With its curvaceous fuselage and triple tail, the Lockheed Super-G Constellation is one of the most distinctive airliners in history. The Museum of Flight in Seattle took delivery of its rare “Connie” in September 2009. The story of this aircraft will be told in a Jan. 9 program by Bob Bogash, a museum volunteer and retired Boeing engineer, who was instrumental in the plane’s acquisition, restoration and transportation to the museum. The presentation will be illustrated with previously unpublished photographs. Randomly-selected members of the audience will be chosen for an exclusive tour of the aircraft on Jan. 16. The program is at 2 p.m. in the William M. Allen Theater and is free with admission to the museum.
Bogash retired after more than 30 years with the Boeing Commercial Airplane Group, spending the last nine years of his career as the Director of Quality Assurance for the Materiel Division. Bogash has helped The Museum of Flight with the acquisition of its Boeing 727, 737 and 747 prototypes, a de Havilland Comet 4C, a NASA F-104, a Boeing B-52 bomber, a Douglas A-4 Skyhawk flown by the Blue Angels, and a British Airways Concorde.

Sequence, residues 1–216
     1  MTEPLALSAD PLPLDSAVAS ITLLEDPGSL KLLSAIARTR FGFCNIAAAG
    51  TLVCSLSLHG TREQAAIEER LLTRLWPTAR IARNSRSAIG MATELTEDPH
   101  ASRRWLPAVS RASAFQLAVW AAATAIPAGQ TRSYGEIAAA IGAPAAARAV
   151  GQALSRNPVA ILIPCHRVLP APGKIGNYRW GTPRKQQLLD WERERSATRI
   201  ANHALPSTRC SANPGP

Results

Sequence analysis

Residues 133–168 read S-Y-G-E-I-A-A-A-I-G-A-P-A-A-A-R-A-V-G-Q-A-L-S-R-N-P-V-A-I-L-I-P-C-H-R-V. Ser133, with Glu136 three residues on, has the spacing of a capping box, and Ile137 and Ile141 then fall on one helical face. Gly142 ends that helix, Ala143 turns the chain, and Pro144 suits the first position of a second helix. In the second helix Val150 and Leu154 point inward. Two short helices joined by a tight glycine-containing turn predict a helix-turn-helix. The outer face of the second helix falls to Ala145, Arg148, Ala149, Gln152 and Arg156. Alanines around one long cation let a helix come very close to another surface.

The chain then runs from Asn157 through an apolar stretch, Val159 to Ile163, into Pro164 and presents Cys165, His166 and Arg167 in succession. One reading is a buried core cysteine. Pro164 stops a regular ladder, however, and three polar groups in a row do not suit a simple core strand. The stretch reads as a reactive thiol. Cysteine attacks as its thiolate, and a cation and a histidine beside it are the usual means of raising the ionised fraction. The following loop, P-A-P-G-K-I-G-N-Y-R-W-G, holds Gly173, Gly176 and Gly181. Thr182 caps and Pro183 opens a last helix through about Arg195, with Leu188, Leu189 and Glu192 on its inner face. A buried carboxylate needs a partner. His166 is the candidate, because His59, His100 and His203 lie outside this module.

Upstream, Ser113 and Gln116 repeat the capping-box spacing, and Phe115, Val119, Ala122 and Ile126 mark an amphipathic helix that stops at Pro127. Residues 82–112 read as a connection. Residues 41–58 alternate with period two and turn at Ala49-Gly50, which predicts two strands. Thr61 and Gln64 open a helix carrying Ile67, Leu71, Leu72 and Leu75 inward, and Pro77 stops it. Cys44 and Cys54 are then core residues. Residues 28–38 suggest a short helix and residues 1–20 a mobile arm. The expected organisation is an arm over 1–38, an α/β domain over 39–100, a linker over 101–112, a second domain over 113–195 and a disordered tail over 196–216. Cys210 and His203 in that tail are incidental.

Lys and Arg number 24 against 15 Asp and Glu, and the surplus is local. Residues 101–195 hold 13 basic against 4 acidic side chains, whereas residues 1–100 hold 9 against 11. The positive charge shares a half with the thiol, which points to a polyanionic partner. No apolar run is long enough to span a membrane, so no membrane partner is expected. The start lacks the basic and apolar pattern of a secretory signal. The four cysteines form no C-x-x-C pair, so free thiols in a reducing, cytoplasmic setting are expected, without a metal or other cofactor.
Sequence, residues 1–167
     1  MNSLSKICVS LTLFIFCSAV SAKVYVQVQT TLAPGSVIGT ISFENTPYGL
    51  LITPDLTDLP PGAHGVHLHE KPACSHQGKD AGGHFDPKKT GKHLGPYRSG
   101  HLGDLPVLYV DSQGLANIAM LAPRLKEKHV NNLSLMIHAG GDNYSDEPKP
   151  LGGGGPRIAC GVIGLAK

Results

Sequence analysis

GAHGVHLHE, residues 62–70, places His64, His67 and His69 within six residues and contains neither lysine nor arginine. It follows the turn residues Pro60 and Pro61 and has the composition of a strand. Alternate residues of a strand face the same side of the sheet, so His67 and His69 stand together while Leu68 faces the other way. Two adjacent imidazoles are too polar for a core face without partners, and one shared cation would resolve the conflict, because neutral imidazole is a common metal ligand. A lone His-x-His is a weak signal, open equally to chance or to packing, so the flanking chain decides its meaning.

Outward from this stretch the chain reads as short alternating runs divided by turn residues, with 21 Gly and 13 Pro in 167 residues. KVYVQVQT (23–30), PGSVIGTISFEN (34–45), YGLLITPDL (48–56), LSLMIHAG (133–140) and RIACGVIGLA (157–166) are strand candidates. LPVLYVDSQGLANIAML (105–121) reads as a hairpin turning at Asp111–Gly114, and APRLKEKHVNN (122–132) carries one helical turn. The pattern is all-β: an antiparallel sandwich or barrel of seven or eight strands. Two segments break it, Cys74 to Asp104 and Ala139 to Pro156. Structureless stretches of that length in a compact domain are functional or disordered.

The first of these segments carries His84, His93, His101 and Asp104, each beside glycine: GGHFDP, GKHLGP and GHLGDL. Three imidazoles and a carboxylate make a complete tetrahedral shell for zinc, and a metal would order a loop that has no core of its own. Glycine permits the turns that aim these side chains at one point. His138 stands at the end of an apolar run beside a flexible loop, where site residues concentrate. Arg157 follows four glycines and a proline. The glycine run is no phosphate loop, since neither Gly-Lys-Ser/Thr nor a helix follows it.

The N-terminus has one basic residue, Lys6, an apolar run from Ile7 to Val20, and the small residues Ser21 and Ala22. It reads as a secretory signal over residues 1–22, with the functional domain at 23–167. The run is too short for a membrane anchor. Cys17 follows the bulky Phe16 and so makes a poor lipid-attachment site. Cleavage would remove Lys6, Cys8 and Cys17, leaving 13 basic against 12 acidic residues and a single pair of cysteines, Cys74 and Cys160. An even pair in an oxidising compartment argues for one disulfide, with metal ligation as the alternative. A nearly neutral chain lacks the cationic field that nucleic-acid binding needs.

An icon of the days of piston-powered luxury transportation, the Super-G Constellation is one of the crown jewels in the museum’s collection of commercial airplanes, according to officials. It was built in 1954 and delivered that year to Air Canada’s predecessor, Trans-Canada Air Lines. Remaining in Canada and retired from service in 1965, the Constellation’s arrival at the museum is the culmination of over four years of work by an extensive network of people, from those who have disassembled, trucked and restored the aircraft, to the more than 1000 donors who have made the possession of this aircraft a reality. Air Canada Airlines also played a significant role in the plane’s restoration.
Design of the Constellation began in 1939 for Trans World Airlines, under the leadership of TWA president Jack Frye and financier Howard Hughes. The Constellation design team at Lockheed included the legendary engineer Clarence “Kelly” Johnson. Johnson played key roles designing more than 40 aircraft, including some significant planes in museum’s collection such as the P-38 Lightning, F-104 Starfighter, Jetstar and Blackbird. With Trans-Canada Air Lines livery, the museum’s Constellation is slated to be on permanent, public display in 2010.
For more information: 206-764-5720 or MuseumOfFlight.org.